11 Reasons Why Kids Must Learn Math

As America bemoans its woeful performance in math, we should remind ourselves why we want our kids to do well in math in the first place.
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As America bemoans its woeful performance in math, we should remind ourselves why we want our kids to do well in math in the first place. Sure, we need the inventive geniuses who make our society better: someone's got to cure cancer, and build a better iPhone antenna, and develop cheap renewable energy to spare our planet. But innovation is just part of the equation. Kids need to learn math to make their own adult lives better, by making smart decisions on routine day-to-day matters. Let's explore the ways we live smarter when we grasp the numbers.

1. If kids grow up to be good at math, they'll raise kids who are good at math -- because parents are children's first teachers. When parents love math and feel comfortable with it, and feel brave enough to help a child with math homework, that attitude is contagious. Those parents were once kids themselves, so let's start the cycle on the right foot, for the good of our kids and for society.

2. Teachers need to step up their game. Far more kids will learn math and enjoy it if they have great teachers. And yet we continue to accept low math standards for elementary school teachers. According to the National Council on Teacher Quality and the National Math and Science Initiative, many applicants to teacher colleges only need to get 40 percent right on the math section of entrance exams. It's hard to teach something you don't understand, and to help your students feel comfortable with the material. Inspired students require inspired teachers.

3. Changing the world takes more than just feeling good. Do we know whether our efforts to save really make a difference? How much plastic do we spare by buying bottled water with slightly smaller caps? When we buy cloth diapers, do we really know whether we're helping the environment, or whether in fact all that hot water and electricity to wash them cancels out the benefits? We should make sure we are doing good vs. just feeling good.

4. Foreseeing long-term consequences is crucial. This holds just as true for big-ticket items, like the compounding interest on debt. Whether you become a painter, a neurosurgeon or a nail-salon attendant, you will have to manage your finances, and you will survive better if you are willing to fall forward and grasp the numbers behind debt. The 2008 mortgage crisis might have been far less ugly if everyone had had that comfort level.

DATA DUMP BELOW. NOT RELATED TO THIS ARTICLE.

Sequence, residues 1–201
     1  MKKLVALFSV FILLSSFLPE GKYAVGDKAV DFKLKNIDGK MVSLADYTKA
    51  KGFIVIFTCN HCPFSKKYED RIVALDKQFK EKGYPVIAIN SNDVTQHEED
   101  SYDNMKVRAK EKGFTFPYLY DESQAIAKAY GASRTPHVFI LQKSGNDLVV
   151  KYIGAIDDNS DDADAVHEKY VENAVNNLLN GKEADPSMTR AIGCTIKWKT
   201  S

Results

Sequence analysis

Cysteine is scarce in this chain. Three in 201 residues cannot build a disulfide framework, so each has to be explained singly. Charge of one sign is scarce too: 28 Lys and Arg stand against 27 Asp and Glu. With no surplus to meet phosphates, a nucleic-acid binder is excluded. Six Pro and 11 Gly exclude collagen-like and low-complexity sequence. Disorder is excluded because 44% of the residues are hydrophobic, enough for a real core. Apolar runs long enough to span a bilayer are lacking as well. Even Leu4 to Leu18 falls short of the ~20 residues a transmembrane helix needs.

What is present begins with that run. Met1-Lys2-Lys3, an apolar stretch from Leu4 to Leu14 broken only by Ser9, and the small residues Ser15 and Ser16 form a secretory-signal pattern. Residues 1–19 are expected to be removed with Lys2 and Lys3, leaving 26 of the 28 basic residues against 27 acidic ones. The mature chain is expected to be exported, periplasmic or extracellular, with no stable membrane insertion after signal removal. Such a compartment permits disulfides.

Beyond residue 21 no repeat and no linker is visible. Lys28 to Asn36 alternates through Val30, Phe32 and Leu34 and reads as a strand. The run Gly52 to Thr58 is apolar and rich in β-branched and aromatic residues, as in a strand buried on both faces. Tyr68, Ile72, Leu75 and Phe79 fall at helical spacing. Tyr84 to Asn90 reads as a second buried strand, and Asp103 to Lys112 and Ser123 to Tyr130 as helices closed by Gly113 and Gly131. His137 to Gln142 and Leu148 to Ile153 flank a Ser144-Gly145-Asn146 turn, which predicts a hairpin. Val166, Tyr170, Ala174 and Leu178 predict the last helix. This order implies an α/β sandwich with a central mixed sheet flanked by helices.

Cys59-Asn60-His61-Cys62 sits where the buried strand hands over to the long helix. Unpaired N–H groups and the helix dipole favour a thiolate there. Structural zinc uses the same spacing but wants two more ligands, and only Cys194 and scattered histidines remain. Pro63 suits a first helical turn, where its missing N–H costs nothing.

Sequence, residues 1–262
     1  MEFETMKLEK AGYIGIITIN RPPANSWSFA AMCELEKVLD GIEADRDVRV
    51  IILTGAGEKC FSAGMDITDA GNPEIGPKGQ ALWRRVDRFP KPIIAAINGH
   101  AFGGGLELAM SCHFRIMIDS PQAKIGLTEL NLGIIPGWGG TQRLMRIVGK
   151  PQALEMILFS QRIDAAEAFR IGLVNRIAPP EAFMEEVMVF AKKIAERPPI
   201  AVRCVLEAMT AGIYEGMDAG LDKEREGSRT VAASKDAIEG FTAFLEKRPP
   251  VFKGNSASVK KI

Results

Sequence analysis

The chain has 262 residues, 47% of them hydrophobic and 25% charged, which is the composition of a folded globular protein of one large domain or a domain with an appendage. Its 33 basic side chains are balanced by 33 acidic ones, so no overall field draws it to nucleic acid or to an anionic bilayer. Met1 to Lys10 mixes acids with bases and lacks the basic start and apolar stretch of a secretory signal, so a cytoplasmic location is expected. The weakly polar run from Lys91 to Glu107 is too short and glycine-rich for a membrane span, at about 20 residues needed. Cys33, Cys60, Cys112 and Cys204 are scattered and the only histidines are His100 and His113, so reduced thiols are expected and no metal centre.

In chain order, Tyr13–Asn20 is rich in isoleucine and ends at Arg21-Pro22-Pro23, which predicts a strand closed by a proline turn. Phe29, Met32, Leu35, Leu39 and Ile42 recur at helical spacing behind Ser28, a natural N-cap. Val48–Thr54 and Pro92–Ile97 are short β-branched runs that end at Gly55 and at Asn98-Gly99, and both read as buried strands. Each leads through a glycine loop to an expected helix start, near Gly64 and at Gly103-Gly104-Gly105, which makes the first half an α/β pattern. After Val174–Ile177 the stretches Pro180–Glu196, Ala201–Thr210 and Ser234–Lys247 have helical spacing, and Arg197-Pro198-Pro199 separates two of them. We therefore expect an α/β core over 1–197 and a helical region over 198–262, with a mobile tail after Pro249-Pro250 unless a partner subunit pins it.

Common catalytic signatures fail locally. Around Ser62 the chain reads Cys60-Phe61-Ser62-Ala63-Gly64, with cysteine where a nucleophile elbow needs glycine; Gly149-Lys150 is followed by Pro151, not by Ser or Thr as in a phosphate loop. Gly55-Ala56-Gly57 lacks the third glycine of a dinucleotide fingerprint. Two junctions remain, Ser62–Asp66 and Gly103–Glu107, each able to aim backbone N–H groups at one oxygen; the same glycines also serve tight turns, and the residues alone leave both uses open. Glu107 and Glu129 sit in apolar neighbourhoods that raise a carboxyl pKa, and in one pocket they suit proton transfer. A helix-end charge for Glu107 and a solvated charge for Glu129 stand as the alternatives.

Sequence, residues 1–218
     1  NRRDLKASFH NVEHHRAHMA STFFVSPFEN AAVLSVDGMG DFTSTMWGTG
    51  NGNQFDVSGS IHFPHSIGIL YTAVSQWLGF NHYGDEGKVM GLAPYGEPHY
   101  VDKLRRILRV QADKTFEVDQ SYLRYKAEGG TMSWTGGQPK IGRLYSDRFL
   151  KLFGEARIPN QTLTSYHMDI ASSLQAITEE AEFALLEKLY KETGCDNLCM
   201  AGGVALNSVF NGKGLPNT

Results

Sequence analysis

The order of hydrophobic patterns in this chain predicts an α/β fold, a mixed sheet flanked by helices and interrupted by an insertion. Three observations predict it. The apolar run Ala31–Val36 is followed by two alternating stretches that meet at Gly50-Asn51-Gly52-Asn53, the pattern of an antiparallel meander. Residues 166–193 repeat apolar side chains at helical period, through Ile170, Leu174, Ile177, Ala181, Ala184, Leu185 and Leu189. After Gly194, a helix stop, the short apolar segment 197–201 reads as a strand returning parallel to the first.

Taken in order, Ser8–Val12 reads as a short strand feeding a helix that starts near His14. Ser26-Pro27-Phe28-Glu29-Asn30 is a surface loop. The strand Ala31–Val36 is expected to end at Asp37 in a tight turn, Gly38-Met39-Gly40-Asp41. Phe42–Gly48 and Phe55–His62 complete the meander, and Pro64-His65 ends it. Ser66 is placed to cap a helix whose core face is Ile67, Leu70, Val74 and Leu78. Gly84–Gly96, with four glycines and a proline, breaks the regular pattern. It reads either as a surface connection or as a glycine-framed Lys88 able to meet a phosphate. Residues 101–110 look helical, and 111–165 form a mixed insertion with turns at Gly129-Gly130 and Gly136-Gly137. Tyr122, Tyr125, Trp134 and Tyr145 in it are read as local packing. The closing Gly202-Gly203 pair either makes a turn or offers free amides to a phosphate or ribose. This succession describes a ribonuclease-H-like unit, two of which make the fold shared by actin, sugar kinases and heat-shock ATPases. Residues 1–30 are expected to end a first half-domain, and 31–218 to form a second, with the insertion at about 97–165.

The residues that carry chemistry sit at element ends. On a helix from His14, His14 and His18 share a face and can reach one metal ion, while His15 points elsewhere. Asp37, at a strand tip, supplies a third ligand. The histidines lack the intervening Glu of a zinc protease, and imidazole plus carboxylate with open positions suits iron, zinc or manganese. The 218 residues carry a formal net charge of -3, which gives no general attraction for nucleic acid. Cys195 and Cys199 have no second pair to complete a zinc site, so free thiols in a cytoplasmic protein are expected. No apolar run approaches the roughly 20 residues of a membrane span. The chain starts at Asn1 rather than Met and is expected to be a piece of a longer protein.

5. Not all deals are created equal. When people offer you a deal, that deal is probably better for them than for you, or they wouldn't offer it. Math shines a bright light on this. When you're pitched a warranty that costs one tenth as much as the product, ask yourself: has one out of every ten things in your house broken before it should have? Those who do quick back-of-the-envelope math skip most warranties, because a few replacements over time will cost little by comparison.

6. You're not a true grown-up until you know how to tip. It's incredible how many intelligent, educated adults are afraid to calculate the tip at a restaurant. It just isn't that hard to divide by five to get 20 percent for a great server, and by 6 to get 16.67 percent for someone less helpful. By the way, women in particular tend to be guilty of ducking the tip task: in my own informal study, it's running at about 87 percent. Ladies, in begging for help with the tip, we're failing to convince people -- including men -- that women are bright, capable, employable people. We also aren't setting a proud example for girls who look to us as their role models.

7. Simple math can help you make healthier choices. A Starbucks Frappuccino has around 430 calories. It takes four and a half hours of walking to burn that off -- about half a workday. Those who run the numbers behind obesity might just skip the coffee. Same thing with sugar and the diabetes scourge: we're supposed to eat a limited amount of processed sugar a day, about 2 desserts' worth. But one can of Coke has a lot of sugar too and virtually wipes out anyone's chocolate quota for the day. If we do math, we might make different, happier choices.

8. Being penny wise, not pound foolish really is good advice. The same concept of leverage applies to saving money. If you cut your monthly coffee consumption by two-thirds, but it's only one percent of your total budget, you won't save much money. If your rent eats up half your budget, that's the one to tackle.

9. Calibrating your time will save you time. Sure, maybe you can drive 72 miles an hour instead of 68 by weaving in and out of lanes. But at that rate, you have to drive about 30 miles just to save one minute. The effort (and risk) probably aren't worth it. You could sidestep the one really long red light in your neighborhood and save just as much time that way.

10. Math allows you to figure out how valuable your time really is. Almost every parent has had to volunteer for a school fundraiser, tying bows around auction items for hours. The gala raises money and everyone feels good, but if someone counted up our hours of work, would we even crack minimum wage? Airport security lines, bad traffic merges, the DMV -- they all persist because no one counts up the cost of consuming so many people's time.

11. It's important to be aware of financial realities. More than 20 percent of Americans believe winning the lottery is the most practical way for them to save large amounts of money. The fact is, if you drive five miles to a convenience store, buy a lottery ticket, and drive home, you're actually more likely to die on the trip than win the lottery. Gambling, random drawings... we need to recognize that we're spending on mere entertainment, and that money is never coming back.

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